So, on Friday night I went to see Evan Almighty, a movie which I had been intrigued by, but didn't quite have high hopes for. Certainly, I can say that it is much better than Bruce Almighty right off the bat. Steve Carrell isn't given space to flex every one of his comedic chops, but he certainly suits the role of the congressman turned prophet dubbed by media outlets as "New York's Noah" after inadvertently emulating the biblical figure, because he is likable yet over-the-top.
Since I have gained further distance from the movie, it has diminished in my estimation, which I was hoping wouldn't happen. But I guess the problem is that I couldn't understand why anything happened in the movie except to place environmentalism high on the list of things people see in theaters this summer. There can only be so many penguins at a time.
I remembered seeing the "AMC First Look" at Evan Almighty a few months ago, which allowed me to expect that the main theme of the movie was conservation and "going green," and I guess if you're going to make a high-grossing movie about the environment, you should do what you can to have a green production, which is what I gather was the case for this movie.
Past the transparent (and valid) messages of the film -- protect nature, love your family, no man is an island -- everything in the movie just kind of happened just because. When Wanda Sykes wasn't being "that" woman in the theater commenting on everything that was happening, Evan's family was being almost unbearably annoying, and the diegesis was being unbelievable. People would have noticed the miraculous nature of the events surrounding Evan's transformation, and would have made a much bigger deal of them one way or the other. And when demolition of Evan's ark full of animals was threatened, where was PeTA making a fuss? Actors to highlight were certainly John Michael Higgins and Jonah Hill, two great character actors whom I always enjoy. Higgins made me want to break out the not-so-dusty Arrested Development DVDs, and I am really looking forward to seeing Hill in Superbad (see trailer here).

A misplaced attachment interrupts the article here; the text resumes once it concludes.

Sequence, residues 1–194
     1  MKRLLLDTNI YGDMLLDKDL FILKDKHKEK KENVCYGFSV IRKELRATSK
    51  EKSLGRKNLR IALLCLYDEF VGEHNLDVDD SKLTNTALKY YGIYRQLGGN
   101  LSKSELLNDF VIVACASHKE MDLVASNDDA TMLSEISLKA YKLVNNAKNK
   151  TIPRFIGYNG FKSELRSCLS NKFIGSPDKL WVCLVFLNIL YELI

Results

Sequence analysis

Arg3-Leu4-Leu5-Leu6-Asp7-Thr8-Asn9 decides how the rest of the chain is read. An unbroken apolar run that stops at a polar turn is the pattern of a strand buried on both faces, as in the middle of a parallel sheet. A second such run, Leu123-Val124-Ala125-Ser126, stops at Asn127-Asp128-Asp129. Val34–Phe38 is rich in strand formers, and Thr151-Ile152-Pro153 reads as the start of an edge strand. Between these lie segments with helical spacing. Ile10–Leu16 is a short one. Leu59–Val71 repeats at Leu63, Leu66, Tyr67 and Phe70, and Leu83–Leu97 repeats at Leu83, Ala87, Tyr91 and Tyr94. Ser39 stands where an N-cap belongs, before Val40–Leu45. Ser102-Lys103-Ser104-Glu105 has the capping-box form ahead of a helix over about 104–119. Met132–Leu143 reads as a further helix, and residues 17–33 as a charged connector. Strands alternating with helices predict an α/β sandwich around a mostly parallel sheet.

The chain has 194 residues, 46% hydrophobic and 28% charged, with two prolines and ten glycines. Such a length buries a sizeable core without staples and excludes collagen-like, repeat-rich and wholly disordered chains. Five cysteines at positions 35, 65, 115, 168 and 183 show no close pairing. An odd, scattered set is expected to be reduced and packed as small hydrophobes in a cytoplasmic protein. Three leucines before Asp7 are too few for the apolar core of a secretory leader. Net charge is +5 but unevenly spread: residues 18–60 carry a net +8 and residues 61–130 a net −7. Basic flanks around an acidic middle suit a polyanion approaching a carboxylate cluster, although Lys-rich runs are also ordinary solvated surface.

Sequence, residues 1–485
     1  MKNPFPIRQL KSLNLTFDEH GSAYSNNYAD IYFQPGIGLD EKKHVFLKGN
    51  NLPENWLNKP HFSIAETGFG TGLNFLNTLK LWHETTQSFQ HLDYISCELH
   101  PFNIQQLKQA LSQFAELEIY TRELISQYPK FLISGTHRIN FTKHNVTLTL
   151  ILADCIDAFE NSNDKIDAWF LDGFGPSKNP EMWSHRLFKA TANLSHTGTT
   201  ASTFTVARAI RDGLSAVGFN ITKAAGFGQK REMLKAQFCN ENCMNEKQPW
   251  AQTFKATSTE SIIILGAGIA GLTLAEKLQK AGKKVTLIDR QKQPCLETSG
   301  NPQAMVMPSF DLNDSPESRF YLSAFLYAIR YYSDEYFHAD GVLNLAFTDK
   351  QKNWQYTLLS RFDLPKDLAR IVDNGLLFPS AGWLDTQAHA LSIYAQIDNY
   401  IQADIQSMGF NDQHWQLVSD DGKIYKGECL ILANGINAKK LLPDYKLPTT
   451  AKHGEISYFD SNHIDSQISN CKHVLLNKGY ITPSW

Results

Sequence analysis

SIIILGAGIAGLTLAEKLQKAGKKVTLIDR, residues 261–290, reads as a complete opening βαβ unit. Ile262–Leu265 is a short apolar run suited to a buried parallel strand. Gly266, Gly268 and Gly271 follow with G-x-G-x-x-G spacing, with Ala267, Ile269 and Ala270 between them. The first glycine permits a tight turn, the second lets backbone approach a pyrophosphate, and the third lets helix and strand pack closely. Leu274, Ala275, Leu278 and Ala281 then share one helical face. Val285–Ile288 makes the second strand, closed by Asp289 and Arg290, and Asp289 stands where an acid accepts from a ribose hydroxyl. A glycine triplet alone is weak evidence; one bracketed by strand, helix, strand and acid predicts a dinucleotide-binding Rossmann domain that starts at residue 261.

One other point which I can't ignore...Morgan Freeman continues to baffle me. Sometimes he looks really helpful and friendly, and other times his snaggletooth is lit at just the wrong angle and he looks terrifying. I guess it's not a stretch to cast a friendly/scary looking person as God, but he is just the quintessential example of the "mystical black man" nowadays. From actually playing God, to playing an angelic/prophetic figure, to voicing God as an eponymous narrator, Freeman seems to have found his niche. I guess the movie doesn't hit audiences over the head with bible as much as it does its main characters, but it's certainly religiously confusing. I took a "Biblical Traces in Hollywood Film" class a couple of semesters ago, which was fantastic, and we examined how films will try to get a biblical message across sometimes even when there is not explicit content. I felt that Evan Almighty was sweet and gave mostly positive messages, though it never quite answered the questions about why God went to such trouble for so little payoff.
Okay, maybe that's not entirely fair. The message there was certainly "do one small act of kindness and you can change the world," but come on. I was expecting full-on biblical flood action. I really wanted to be able to use the word "antediluvian" in this post. Instead, a freaking dam burst. Sure, it probably killed some people, but I mean...the whole flood thing was really just a big tease. Anyway, the most relieving aspect of the movie after the realization that God wasn't trying to punish a world full of sinners, was that Evan's annoying tic was a little happy dance, as compared to Bruce's "baaaaeeeeeutiful" shtick which made me want to claw my own eyes out.
Concusion: wait until it's on HBO a million times in a row.